Hotels in Dubai recorded occupancy levels of 80 per cent in 2013.
This is according to the latest report by consultancy firm Ernst and Young (EY). It showed that last year, 2,780 additional rooms were added to the four and five-star hotel supply, including at the Conrad Hotel on Shaikh Zayed Road and The Oberoi in Business Bay.
Occupancy rates remained stable during 2013, compared to the year before. The average price increased to $278 (£166), a rise of 6.4 per cent. Meanwhile, the revenue per available room (RevPAR) grew by 5.9 per cent, to reach $223. Properties in Abu Dhabi recorded a rise of one per cent in occupancy, achieving 77 per cent. Its RevPAR also grew, by 7.4 per cent to $160.
In December, hotels in Dubai registered 82.3 per cent occupancy, which constituted a drop of 1.1 per cent against results achieved during the same period in 2012. Additionally, the revPAR rose by 3.4 per cent to $251. Rates in Abu Dhabi fell by one per cent to 80 per cent in the final month of last year.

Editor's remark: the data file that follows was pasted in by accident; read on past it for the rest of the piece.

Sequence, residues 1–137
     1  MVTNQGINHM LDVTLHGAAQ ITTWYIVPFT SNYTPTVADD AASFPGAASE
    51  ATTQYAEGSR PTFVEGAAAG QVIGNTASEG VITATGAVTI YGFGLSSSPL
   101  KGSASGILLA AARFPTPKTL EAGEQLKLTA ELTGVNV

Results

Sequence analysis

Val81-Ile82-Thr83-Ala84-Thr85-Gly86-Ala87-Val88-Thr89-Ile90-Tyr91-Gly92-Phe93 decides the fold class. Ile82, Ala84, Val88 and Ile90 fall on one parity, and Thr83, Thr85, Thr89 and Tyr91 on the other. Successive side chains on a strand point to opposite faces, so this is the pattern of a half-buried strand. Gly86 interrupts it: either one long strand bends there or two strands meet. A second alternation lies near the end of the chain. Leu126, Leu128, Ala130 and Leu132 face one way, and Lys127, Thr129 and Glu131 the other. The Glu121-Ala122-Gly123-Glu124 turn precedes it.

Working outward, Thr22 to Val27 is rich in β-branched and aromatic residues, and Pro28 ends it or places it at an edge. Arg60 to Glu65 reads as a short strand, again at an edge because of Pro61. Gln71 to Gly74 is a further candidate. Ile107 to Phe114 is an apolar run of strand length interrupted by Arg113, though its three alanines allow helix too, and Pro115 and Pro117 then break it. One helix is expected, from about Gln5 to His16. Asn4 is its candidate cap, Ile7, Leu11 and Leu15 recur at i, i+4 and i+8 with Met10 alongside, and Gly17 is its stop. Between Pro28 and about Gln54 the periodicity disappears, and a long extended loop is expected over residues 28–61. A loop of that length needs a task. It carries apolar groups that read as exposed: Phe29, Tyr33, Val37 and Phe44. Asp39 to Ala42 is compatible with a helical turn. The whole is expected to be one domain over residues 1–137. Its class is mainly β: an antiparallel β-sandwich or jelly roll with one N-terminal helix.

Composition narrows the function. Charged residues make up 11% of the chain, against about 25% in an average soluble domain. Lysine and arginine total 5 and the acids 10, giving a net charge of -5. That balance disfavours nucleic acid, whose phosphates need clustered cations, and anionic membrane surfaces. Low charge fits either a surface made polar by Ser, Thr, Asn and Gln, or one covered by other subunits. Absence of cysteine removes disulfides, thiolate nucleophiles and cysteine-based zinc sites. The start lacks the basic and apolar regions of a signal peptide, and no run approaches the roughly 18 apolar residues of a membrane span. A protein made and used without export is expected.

According to the report, Dubai's hospitality market absorbed the increase in new available rooms, while the Middle East as a whole recorded positive results during last year.
Yousef Wahbah, EY's head of transaction real estate for the Middle East and North Africa, commented: "The UAE's stable occupancy rates and increases in RevPAR in December 2013 can be largely attributed to the peak season for tourism, given the country's mild winter weather. December has always been a peak month for tourism in the Emirates, attracting visitors from the region, as well as from around the world, to its many tourist attractions."
Egypt, however, did not fare so well in the report. Its hotels recorded the lowest occupancy rates in the Middle East region last year. Occupancy rates in Cairo fell by 15 per cent to 24 per cent, compared to 2012. Its RevPAR also fell, down 38.3 per cent to $21.